Changing atmosphere: Data on GHG effect shows US should put climate talk back on track

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Published: July 23, 2018 3:21:02 AM

A recent study, the findings of which were published in Science, provides the surest evidence so far of the anthropogenic effect on seasonal cycles in the lower atmosphere.

Greenhouse gases from burning of hydrocarbon fuels getting accumulated in the lower atmosphere has led to long term increase in summer temperatures and larger annual temperature swings. (IE)

A recent study, the findings of which were published in Science, provides the surest evidence so far of the anthropogenic effect on seasonal cycles in the lower atmosphere. Greenhouse gases from burning of hydrocarbon fuels getting accumulated in the lower atmosphere has led to long term increase in summer temperatures and larger annual temperature swings in the northern hemisphere. While there have been many studies that have documented the evidence of how global warming is affecting seasonal phenomena on the ground, the new study that uses satellite data over 1979-2016 is the first that underscores the seasonal changes noticed in the atmosphere that are attributable to global warming. The study estimates that odds of natural climate phenomena leading to such seasonal variations of temperature is five is to one million.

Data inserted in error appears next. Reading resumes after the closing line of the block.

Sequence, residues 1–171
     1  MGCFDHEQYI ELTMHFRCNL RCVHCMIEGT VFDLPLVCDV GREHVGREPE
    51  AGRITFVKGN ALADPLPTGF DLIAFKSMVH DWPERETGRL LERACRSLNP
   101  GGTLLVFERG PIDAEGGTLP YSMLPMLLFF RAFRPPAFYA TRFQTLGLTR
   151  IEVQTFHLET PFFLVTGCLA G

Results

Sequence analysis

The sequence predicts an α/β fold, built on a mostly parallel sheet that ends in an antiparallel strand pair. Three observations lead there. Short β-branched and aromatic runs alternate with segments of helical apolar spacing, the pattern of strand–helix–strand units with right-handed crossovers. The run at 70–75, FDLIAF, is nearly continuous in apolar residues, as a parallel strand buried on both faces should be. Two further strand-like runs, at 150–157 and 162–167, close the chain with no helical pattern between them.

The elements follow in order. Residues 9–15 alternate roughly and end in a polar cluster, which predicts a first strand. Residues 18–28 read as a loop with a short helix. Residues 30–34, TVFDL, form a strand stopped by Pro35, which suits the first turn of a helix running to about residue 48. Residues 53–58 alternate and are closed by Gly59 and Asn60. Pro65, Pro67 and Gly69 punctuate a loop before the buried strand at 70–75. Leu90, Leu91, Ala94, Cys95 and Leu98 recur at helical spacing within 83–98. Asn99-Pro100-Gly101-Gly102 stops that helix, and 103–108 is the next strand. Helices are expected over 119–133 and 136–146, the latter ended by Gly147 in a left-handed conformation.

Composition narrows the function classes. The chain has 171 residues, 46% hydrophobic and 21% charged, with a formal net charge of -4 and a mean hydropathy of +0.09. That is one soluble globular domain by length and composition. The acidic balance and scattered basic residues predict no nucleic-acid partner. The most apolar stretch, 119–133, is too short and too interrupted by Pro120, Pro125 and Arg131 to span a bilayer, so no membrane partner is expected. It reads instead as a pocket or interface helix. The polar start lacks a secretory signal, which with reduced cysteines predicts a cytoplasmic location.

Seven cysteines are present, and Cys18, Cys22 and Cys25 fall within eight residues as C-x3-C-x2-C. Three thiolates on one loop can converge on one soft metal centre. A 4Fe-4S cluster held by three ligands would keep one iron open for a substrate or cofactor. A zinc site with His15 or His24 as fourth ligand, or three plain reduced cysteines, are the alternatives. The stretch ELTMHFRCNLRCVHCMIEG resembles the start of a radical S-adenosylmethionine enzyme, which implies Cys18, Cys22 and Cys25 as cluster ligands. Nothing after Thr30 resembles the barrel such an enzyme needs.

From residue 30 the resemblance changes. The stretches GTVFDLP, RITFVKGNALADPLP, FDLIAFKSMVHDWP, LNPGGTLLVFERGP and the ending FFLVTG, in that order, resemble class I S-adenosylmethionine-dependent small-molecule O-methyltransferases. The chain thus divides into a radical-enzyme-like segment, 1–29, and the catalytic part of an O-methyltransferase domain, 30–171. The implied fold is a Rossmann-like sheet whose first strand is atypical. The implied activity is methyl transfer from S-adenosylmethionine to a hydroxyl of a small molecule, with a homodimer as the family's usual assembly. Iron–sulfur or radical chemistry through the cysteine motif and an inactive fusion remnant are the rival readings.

Scientists at the Lawrence Livermore National Laboratory used computer simulations of Earth’s climate over thousands of years in a anthropogenic emission scenario and a natural emission scenario. From the simulations, they were able to determine the exact impact of anthropogenic GHG emission on the lower atmosphere. Comparing the simulations against data from 1979 onward showed that natural climate variations couldn’t account for the drastic seasonal changes.

Given how global climate efforts received the worst setback since climate negotiations began when the US, the largest emitter of GHGs in history and currently one of the top emitters, withdrew from the Paris agreement, the new data should a spur rethink in global leadership. With Scott Pruitt’s exit from the US Environmental Protection Agency, US
policymakers have the opportunity to correct the US’s course on coal-based power.

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